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November 06, 2015

Flames 2, Flyers 1 (OT): Another night, another loss for reeling Flyers

Flyers NHL
110515_Flyers-Couturier_Reuters Sergei Belski/USA TODAY Sports

Calgary Flames defenseman Dennis Wideman (6) and Philadelphia Flyers center Sean Couturier (14) battle for the puck.

If you thought Thursday’s matchup against the Flames, the NHL’s worst defensive team, presented an opportunity for the Philadelphia Flyers to break out of their recent scoring slump — and possibly pick up a win in the process — you thought wrong.

The Flyers (4-6-3) have now dropped six-straight following their 2-1 overtime loss in Calgary and failed to score more than one goal for the fourth time in their last five games.

But hey, at least they got a point...

It’s getting ugly for new coach Dave Hakstol’s team, who managed just 27 shots and a lone goal — Michael Raffl’s first of the season — against a team that was allowing 4.23 goals/game, a half-goal worse than the next closest team, and a goalie that entered play Thursday night with a 4.43 GAA and .871 save percentage.

And to make matters worse, they wasted strong performance in net by backup Michal Nuevirth for the second game in a row.

Observations

•    The power play came up empty again. The Flyers entered the game with the second-worst power play unit in the NHL (11.1 percent) and were stuck in the midst of an 0-for-14 stretch dating back to their win over Boston on Oct. 21. But it's actually been worse than that.

Of course, by "real" power play, I mean traditional (5-on-4) power play. Goals just come much more easily in 4-on-3.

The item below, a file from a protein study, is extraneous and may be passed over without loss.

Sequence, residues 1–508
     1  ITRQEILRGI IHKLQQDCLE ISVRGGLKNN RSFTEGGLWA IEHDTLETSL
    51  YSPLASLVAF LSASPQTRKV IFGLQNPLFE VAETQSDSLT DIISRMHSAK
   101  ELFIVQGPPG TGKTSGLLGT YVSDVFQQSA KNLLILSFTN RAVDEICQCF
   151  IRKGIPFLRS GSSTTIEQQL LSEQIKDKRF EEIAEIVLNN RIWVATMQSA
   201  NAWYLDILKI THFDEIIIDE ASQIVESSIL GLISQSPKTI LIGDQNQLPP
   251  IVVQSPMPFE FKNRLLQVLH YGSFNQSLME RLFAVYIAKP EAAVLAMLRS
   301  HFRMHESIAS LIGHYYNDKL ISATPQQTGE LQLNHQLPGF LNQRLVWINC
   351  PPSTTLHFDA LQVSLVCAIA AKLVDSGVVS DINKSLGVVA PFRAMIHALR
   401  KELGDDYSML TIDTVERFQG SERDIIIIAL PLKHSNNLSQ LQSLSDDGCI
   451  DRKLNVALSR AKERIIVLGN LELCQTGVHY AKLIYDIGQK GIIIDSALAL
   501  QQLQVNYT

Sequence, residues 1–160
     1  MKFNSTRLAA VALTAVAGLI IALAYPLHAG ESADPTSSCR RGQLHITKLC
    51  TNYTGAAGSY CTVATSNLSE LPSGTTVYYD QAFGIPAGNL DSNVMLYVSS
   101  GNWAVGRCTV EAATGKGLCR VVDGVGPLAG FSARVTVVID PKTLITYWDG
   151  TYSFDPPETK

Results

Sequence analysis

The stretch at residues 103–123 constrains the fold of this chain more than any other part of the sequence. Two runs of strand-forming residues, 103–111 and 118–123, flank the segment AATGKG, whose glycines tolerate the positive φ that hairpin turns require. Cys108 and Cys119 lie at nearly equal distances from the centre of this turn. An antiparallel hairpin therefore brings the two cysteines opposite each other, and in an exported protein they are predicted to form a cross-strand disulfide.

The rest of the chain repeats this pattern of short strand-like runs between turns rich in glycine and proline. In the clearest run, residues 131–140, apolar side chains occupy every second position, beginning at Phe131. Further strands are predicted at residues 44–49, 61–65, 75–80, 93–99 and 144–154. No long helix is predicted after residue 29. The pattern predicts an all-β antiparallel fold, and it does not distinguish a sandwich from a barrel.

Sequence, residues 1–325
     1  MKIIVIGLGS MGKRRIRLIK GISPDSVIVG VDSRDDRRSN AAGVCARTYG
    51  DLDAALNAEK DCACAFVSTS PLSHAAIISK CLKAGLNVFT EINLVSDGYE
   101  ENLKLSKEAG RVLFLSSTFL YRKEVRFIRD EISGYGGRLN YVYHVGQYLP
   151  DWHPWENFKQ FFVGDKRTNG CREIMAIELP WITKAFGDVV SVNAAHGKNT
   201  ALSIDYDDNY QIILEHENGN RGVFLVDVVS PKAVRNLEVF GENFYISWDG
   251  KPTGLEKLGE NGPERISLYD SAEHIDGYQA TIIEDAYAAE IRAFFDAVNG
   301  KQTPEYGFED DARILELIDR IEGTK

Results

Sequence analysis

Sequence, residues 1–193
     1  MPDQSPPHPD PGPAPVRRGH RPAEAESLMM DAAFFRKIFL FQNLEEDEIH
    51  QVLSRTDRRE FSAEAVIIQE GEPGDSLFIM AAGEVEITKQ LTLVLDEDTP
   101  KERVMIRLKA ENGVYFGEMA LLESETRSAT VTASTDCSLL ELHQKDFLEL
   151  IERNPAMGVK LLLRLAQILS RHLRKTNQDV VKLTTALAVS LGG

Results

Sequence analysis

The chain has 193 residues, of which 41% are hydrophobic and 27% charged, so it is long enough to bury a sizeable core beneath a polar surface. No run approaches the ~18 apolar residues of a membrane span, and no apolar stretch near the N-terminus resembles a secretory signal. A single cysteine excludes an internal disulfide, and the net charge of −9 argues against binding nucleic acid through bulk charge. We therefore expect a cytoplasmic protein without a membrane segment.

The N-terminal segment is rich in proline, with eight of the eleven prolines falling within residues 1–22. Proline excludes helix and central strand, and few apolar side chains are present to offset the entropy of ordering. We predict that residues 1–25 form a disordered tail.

That didn't improve any against the Flames, with the Flyers going 0-for-2 on the man advantage. Worse yet, the Flames scored seconds after a Flyers PP ended -- an errant pass by Vinny Lecavalier sprung Josh Jooris for a breakaway. 

•    Speaking of Vinny -- it was just not his night. Not only was he largely at fault for Jorris' goal, the Flames' first of the game, but he also made a similar mistake that led to a shorthanded breakaway for Calgary. Luckily for him, Neuvirth made the save. He also nearly decapitated one of his teammates, Brayden Schenn.

•    The Flames seemed to be on one, long odd-man rush. Every time I looked up, it seemed like the Flyers were turning the puck over or allowing a Calgary forward to get behind their defense. Had it not been for Neuvirth, the Flyers may have lost 6-1 or worse.

•    As you've probably already notice, Neuvirth got the start over Steve Mason. Mason was reportedly under the weather -- but still available just in case -- so the Flyers preferred that he take a sick day, and didn't even let him sit on the bench during the game. 

Instead, he was sitting up the tunnel behind the bench, probably because germs are gross. Neuvirth played well, much like he did in Tuesday's loss to the Oilers, stopping 28 of Calgary's 30 shots. Another hard-luck loss for the Flyers backup.

•     Sean Couturier returned to the lineup for the first time since suffering a concussion against the Bruins. Coincidentally, the Flyers lost five of their six games without Couturier, who logged 19:16 of ice time and won just 7 of 19 face-offs while failing to record a shot.

•    Although lineman Michael Raffl got his first goal of the season, Jake Voracek failed to get a point in yet another game. He still has just four assists on the season and has yet to light the lamp.

•    South Jersey prospect Johnny Gaudreau picked up an assist on the game-winner, which was scored by Mikael Backlund just 35 seconds into the three-on-three OT.

Up next

So far, the Flyers are 0-3-1 on their current five-game road trip, which will conclude Saturday night against the Jets. They'll look to avoid a winless trip in Winnipeg before returning home to to face the Avalanche on Tuesday.